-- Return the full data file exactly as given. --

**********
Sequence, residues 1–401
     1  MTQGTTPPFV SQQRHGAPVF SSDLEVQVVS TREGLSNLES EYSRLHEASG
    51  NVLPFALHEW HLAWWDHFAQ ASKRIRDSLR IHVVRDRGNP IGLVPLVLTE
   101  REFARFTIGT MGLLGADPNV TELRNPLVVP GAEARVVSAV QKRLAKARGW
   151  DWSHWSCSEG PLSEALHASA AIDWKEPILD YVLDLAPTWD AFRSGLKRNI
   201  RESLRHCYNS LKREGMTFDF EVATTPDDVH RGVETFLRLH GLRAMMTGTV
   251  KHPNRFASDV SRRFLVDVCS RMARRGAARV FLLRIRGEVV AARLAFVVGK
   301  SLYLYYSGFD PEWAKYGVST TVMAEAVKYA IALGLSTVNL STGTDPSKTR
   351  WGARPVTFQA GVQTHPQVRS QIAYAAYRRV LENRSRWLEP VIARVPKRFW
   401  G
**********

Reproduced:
Sequence, residues 1–401
     1  MTQGTTPPFV SQQRHGAPVF SSDLEVQVVS TREGLSNLES EYSRLHEASG
    51  NVLPFALHEW HLAWWDHFAQ ASKRIRDSLR IHVVRDRGNP IGLVPLVLTE
   101  REFARFTIGT MGLLGADPNV TELRNPLVVP GAEARVVSAV QKRLAKARGW
   151  DWSHWSCSEG PLSEALHASA AIDWKEPILD YVLDLAPTWD AFRSGLKRNI
   201  RESLRHCYNS LKREGMTFDF EVATTPDDVH RGVETFLRLH GLRAMMTGTV
   251  KHPNRFASDV SRRFLVDVCS RMARRGAARV FLLRIRGEVV AARLAFVVGK
   301  SLYLYYSGFD PEWAKYGVST TVMAEAVKYA IALGLSTVNL STGTDPSKTR
   351  WGARPVTFQA GVQTHPQVRS QIAYAAYRRV LENRSRWLEP VIARVPKRFW
   401  G